And by this time, according to Luke’s Gospel, they have been with him through: the experience of their own calling, and everything that must have meant in terms of grace, acceptance and in most of their cases forgiveness; healings; teaching including Luke’s version of the Sermon on the Mount; the forgiving of extortioners and prostitutes; his revolutionary attitude to the Law, and especially the Sabbath; and even intimations that Jesus is about the overcoming of death in the name of the life God intends for us.

And still they don’t get it. Still they want to destroy, unmercifully, people who see things differently to the way they do.

It isn’t hard to see a connection with what nearly happened yesterday, 5.1 miles away.

But you can miss the point…

Maybe my family are right, and I’m getting more irritable in my old age, but a certain type of “letter to the editor” has always bugged me to the point of incandescence. Let me preface what I’m about to say with the cliché that “some of my best friends are atheists”. Maybe more importantly, some of the people I respect most as human beings are atheists. Despite that – or more likely because of it – it really bugs me when you get “militant atheists” writing letters to the Herald saying that sixty, seventy, ninety per cent of wars are caused by religion. I don’t know where they get their statistics, but they are all beside the point. The only statistic that matters is that one hundred percent of wars are caused by human beings. It’s in us.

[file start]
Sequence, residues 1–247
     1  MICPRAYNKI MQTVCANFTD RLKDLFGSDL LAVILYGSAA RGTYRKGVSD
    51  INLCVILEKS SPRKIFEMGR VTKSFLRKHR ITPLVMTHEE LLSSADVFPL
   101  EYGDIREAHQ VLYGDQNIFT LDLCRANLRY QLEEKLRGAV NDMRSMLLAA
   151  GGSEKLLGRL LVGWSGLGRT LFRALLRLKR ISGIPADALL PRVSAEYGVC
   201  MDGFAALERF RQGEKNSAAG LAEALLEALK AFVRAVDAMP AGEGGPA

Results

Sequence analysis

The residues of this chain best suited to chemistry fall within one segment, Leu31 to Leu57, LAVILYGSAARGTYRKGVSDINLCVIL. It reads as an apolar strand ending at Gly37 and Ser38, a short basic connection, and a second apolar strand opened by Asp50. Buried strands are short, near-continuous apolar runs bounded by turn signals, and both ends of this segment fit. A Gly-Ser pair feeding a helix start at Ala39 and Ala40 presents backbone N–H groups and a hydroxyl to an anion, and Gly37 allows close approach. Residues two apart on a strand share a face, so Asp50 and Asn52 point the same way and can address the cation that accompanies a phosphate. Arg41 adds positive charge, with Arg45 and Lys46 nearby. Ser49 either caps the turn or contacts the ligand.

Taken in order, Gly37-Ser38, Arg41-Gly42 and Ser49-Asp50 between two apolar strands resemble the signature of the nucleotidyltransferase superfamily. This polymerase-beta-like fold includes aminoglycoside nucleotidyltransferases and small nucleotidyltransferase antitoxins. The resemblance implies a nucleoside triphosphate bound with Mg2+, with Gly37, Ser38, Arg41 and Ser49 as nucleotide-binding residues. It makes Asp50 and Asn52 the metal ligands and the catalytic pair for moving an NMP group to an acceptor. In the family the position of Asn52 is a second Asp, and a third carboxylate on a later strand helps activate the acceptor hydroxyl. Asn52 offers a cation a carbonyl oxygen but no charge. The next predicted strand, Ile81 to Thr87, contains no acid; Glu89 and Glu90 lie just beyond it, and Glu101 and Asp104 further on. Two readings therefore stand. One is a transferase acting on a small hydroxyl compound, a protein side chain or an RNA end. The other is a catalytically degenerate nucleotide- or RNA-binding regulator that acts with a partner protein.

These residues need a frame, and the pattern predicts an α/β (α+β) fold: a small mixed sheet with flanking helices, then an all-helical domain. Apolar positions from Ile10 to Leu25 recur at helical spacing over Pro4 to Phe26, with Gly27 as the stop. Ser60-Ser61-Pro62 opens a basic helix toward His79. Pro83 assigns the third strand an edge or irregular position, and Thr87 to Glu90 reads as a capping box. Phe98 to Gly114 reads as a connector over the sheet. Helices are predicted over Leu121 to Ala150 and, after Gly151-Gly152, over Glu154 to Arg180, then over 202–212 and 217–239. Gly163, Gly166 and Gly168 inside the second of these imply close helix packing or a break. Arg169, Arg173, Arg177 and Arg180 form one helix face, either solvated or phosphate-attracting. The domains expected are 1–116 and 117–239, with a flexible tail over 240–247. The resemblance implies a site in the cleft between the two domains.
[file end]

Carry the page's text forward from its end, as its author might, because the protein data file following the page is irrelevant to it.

It’s in us to hate each other. It’s in us to kill and destroy each other, and it’s in us to want to do these things. It’s in us to divide into groups, and it’s in us to hate them just because they aren’t us. And religion is a potentiality in the human soul which can mobilize the best or the worst in us. Religion is something which human beings do in human ways. Sometimes very dark and bad ways. Because it’s a very human thing.